RMDs and the “Still Working” Exception: Planning Strategies

In general, qualified retirement plans require participants to begin taking the required minimum distribution (RMD) by April 1st of the year they turn 70 ½. Some plan participants, however, intend to keep working and want to take an exception to this rule, leaving the funds in their retirement plan to further grow. When taking the exception, then the RMD begins when the employee retires or is laid off from work with the employer who is responsible for maintaining the plan.

It’s important to note that this rule only applies to certain types of plans, not IRAs or qualified plan accounts belonging to individuals who own more than 5% of the company at the end of the year when the employee turns 70 ½. Further, for an employer-sponsored plan, a company can choose to prevent the individual from taking advantage of the still working exception and require that they take the RMD.

Maximizing the Benefit of the Still Working Exception

  • Increasing Value of the Employer’s Plan: The still-working exception applies only to the current employer’s retirement plan accounts and not any other retirement accounts. Thus, 401(k) plans with former employers are still subject to RMDs upon reaching age 70-½. A planning strategy to consider is rolling in amounts saved in other retirement plans or IRAs to the current employer plan (assuming the plan accepts these rollover) before the year when the employee turns 70 ½ to keep them from being subject to RMDs.
  • PartTime Employment: So long as an individual remains at least a part-time employee of the business that sponsors the retirement plan, then he or she can take the still working exception. This will cause the IRS less suspicion if the employee is still drawing a salary.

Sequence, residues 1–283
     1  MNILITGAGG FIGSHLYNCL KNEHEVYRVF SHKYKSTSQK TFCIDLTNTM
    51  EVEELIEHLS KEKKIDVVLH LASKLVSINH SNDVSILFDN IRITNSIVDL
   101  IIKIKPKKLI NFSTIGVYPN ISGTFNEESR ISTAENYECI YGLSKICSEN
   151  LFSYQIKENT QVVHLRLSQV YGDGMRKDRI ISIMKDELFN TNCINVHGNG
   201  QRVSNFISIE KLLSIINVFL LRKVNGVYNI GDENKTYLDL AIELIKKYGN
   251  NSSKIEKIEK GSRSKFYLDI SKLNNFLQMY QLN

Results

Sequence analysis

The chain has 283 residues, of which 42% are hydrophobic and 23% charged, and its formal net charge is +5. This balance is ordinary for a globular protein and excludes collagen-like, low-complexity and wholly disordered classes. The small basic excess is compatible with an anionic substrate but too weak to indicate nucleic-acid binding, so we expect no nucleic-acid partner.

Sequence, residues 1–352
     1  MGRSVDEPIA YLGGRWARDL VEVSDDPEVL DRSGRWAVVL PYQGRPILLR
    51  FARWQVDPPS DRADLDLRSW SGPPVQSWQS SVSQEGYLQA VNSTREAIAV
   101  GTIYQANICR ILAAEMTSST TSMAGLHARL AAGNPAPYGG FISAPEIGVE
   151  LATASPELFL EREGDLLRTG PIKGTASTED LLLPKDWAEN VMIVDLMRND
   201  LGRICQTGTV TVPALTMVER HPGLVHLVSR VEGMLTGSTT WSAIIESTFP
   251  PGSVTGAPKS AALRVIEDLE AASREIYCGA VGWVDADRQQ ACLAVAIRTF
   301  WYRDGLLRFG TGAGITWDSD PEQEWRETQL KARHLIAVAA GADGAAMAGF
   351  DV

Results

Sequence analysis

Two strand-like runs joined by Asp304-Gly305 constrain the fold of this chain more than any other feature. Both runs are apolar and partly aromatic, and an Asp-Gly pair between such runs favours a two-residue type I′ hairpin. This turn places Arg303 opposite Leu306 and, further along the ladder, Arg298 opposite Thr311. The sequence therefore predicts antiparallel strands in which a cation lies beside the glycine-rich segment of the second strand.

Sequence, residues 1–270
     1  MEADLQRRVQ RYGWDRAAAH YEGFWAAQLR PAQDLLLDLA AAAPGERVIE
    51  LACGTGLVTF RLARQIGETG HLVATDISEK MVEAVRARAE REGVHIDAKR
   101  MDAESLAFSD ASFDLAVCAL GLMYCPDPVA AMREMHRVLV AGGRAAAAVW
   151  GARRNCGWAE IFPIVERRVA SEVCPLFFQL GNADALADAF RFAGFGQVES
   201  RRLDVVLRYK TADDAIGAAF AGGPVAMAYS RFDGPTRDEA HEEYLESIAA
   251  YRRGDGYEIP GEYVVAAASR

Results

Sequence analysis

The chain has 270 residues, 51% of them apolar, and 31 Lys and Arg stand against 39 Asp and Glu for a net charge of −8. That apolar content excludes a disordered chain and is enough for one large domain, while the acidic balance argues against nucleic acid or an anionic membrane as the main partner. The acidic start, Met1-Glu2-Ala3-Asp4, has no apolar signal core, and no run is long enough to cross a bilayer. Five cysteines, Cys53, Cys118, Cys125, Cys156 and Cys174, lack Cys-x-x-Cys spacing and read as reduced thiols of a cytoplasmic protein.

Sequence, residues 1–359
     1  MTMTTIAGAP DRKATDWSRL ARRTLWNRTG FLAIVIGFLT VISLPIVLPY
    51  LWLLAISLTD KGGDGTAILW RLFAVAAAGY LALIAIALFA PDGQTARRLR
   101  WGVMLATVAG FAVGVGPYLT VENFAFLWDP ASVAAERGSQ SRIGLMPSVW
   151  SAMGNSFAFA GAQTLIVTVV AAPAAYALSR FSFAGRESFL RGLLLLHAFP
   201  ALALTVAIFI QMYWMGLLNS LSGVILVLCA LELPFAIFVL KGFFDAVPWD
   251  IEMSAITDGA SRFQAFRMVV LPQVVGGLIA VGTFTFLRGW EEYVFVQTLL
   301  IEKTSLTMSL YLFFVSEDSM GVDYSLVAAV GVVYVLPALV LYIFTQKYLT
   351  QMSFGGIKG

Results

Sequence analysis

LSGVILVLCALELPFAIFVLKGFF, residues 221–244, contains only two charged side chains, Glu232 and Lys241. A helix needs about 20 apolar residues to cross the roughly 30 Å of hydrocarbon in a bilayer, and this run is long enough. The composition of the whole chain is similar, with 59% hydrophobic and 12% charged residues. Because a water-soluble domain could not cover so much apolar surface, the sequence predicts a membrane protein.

• Lower Ownership Stake: If an employee wants to take the exemption but owns more than 5% of the business, it may be a good time to consider selling. Depending on the extent of ownership, this may mean selling shares of the business back to the business itself, to other owners, or coming up with a plan to retire and either sell or turn the business over to someone else.

Disadvantages of the Still Working Exception

  • Possible Restrictions: Even if an employer agrees to allow an employee to take the still working exception, the plan document itself many have some restrictions regarding this action. When the employer or the company administering the plan originally set up the plan, they may have chosen to penalize or limit access to exceptions.
  • Higher Taxes: When an employee delays taking the RMD, the investment continues to grow resulting in higher RMDs in the future. This may be the employee’s goal or it may lead to them finding themselves in a higher tax bracket than anticipated.

Having a team like the experienced benefits counsel at Hall Benefits Law on your side means having someone who understands the nuances of the different decisions involved in setting up an employer-sponsored retirement policy. Call our Georgia-based team today at 678-439-6236 or visit the Hall Benefits Law website to learn more about the different areas of benefits law we can help you handle.

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Hall Benefits Law, LLC

HBL offers employers comprehensive legal guidance on benefits in mergers and acquisitions, Employee Stock Ownership Plans (ESOPs), executive compensation, health and welfare benefits, healthcare reform, and retirement plans. We counsel a wide spectrum of clients including small, mid-sized, and large companies, 401(k) investment advisors, health insurance brokers, accountants, attorneys, and HR consultants, just to name a few. HBL is passionate about advising clients, and we are dedicated to our mission: to provide comprehensive, personalized, and practical ERISA and benefits legal solutions that exceed client expectations.
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